Johnny Sexton’s drop goal will be the lasting Irish memory, from the Stade de France last weekend. Whilst they got the win, the failure of the Ireland attack to score any tries will be the most concerning aspect for Joe Schmidt ahead of the match against Italy this Saturday.
The Story is in the Statistics
Possession and Territory
On the two most basic measures, Ireland dominated both. In fact they recorded 68% in both possession and territory. Purely on this measure it is every surprising that they didn’t score a try, or even come that close on too many occasions. However the fact that they conceded 13 turnovers and made zero clean breaks may help explain why this position and control failed to yield any tries.
Ireland are well known for having a strong kicking game, based on the abilities of half-backs Conor Murray and Johnny Sexton. However they cannot be accused of being overly tactical in Paris, as France notched 25 kicks to 22 by the Irish.
The Irish attacking impotence is further evident when we look at the stats of wingers Keith Earls and Jacob Stockdale compared to their French opposite numbers. Both beat only two defenders compared to 6 by Teddy Thomas and 5 by Virimi Vakatawa. Also the Irish pair made only 74m compared to the 171m from the French duo.
Ireland not allowed to Play by France?
We must remember that there is always two teams on the pitch. Whilst the French had a hectic preparation to the tournament, they were able to organise themselves well enough to frustrate the Irish. And very nearly snatch the win.
On the other hand France prevented possible Irish tries through ill discipline. In particular Sebastien Vahaamahina slowed down attacks by conceding reckless penalties. Combined with the poor weather conditions in Paris, perhaps it was just not the right day for the Ireland attack to flourish.
How the Ireland Attack can take on Italy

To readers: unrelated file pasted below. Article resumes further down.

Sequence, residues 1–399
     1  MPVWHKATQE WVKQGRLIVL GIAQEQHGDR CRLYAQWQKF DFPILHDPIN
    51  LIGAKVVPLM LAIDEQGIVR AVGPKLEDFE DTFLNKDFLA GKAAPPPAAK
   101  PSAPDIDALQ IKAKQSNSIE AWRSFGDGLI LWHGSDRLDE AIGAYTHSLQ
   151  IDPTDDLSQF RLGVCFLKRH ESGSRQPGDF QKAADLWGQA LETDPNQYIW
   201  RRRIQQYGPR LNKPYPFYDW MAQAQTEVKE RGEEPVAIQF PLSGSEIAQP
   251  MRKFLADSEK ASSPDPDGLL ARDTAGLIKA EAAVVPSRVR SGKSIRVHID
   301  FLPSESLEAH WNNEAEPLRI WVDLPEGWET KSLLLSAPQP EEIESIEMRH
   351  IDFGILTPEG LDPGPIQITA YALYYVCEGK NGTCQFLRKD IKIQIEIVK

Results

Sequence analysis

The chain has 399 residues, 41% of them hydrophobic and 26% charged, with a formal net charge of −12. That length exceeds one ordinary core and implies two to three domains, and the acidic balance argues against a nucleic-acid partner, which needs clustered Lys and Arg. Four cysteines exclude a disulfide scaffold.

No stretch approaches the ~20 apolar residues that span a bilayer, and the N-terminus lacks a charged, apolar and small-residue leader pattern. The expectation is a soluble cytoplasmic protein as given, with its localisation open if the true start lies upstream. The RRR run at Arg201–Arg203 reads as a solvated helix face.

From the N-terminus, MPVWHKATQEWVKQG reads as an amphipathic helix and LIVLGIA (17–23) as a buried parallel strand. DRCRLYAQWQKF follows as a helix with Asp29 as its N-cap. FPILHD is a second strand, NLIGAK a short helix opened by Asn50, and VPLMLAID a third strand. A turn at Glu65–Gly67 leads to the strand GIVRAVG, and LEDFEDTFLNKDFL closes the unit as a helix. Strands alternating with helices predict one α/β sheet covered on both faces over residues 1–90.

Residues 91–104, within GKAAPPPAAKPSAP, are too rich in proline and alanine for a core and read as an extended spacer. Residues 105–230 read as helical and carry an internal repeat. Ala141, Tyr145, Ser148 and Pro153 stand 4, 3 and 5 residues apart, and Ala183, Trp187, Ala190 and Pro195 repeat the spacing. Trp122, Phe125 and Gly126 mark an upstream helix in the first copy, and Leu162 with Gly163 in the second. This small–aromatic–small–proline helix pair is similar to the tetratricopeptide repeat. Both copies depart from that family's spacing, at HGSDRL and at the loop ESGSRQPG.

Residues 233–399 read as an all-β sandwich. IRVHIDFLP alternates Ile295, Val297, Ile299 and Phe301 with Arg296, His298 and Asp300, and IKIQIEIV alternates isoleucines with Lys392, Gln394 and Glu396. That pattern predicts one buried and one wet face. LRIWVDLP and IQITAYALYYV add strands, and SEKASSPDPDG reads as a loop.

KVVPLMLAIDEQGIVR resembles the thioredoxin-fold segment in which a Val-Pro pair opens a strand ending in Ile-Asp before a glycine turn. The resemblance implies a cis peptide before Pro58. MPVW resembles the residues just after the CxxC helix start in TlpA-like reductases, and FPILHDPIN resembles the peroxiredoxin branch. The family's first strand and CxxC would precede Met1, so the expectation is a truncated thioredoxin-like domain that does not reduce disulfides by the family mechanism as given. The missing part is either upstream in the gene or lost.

Looking ahead to Saturday then, when Ireland host Italy at the Aviva Stadium. Here is the team named by Joe Schmidt;
— Irish Rugby (@IrishRugby) February 8, 2018
Interestingly, all four changes are in the pack. With Devin Toner, Jack Conan, Dan Leavy and Jack McGrath come in. However, Schmidt has named exciting Leinster back Jordan Larmour on the bench.
The 20 year old could make his international debut at just 20 years of age. It is probably only the fact that Jacob Stockdale and Bundee Aki have fewer than 10 caps between them that Larmour doesn’t start. Whilst Italy at home is Ireland’s easiest game on paper, they ‘cannot take any chances’.
By keeping the same backline, Schmidt will be able to tell whether the Paris try-blank was a one-off. Or, whether he will need to add a more spark like Larmour, in all important the coming rounds.
Italy team line-up
Like Schmidt, Conor O’Shea has only made changes in the forwards. Nicola Quaglio,Luca Bigi and Braam Steyn come in instead of Renato Giammarioli, Leonardo Ghiraldini and Andrea Lovotti.
📢📢📢 [Media Bin] contenuti rights-free #Italrugby dopo annuncio formazione secondo turno #6Nazioni
🎥 conferenza CT O’Shea, Manager @luigitroiani
🎙interviste Allan, Bigi, Quaglio
📹 allenamento al Blackrock College
— Italrugby (@Federugby) February 8, 2018
O’Shea, on considering his sides performance before traveling to Ireland, will surely be happy at how Italy competed and scored tries against England. However, he still needs to solve the age old problem for the Azzurri – how to put in an 80 minute performance?
Whether the Aviva Stadium is the place to do this directly after the heavy workload against England is debatable. However, if Italy can prevent Ireland scoring early, they could put the hosts under pressure and force errors.
Ireland v Italy – Round Two, 2018 NatWest Six Nations
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